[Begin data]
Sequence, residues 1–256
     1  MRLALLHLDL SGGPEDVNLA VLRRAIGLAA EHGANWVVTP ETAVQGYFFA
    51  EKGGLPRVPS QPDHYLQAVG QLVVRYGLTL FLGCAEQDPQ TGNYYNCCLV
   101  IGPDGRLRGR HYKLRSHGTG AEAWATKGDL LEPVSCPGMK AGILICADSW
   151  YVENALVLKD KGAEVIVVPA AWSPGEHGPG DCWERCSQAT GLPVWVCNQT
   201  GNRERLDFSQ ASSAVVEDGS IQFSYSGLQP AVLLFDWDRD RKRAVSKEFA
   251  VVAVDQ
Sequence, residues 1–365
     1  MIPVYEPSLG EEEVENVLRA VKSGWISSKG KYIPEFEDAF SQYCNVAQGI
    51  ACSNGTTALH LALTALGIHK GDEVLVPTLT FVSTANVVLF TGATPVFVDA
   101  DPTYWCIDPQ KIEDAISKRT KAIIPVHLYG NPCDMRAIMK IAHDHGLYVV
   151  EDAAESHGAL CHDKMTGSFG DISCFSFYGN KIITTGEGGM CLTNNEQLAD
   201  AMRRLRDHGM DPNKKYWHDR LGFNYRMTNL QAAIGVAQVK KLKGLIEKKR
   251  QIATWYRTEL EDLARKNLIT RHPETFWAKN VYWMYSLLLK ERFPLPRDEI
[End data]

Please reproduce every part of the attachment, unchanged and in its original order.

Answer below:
Sequence, residues 1–256
     1  MRLALLHLDL SGGPEDVNLA VLRRAIGLAA EHGANWVVTP ETAVQGYFFA
    51  EKGGLPRVPS QPDHYLQAVG QLVVRYGLTL FLGCAEQDPQ TGNYYNCCLV
   101  IGPDGRLRGR HYKLRSHGTG AEAWATKGDL LEPVSCPGMK AGILICADSW
   151  YVENALVLKD KGAEVIVVPA AWSPGEHGPG DCWERCSQAT GLPVWVCNQT
   201  GNRERLDFSQ ASSAVVEDGS IQFSYSGLQP AVLLFDWDRD RKRAVSKEFA
   251  VVAVDQ
Sequence, residues 1–365
     1  MIPVYEPSLG EEEVENVLRA VKSGWISSKG KYIPEFEDAF SQYCNVAQGI
    51  ACSNGTTALH LALTALGIHK GDEVLVPTLT FVSTANVVLF TGATPVFVDA
   101  DPTYWCIDPQ KIEDAISKRT KAIIPVHLYG NPCDMRAIMK IAHDHGLYVV
   151  EDAAESHGAL CHDKMTGSFG DISCFSFYGN KIITTGEGGM CLTNNEQLAD
   201  AMRRLRDHGM DPNKKYWHDR LGFNYRMTNL QAAIGVAQVK KLKGLIEKKR
   251  QIATWYRTEL EDLARKNLIT RHPETFWAKN VYWMYSLLLK ERFPLPRDEI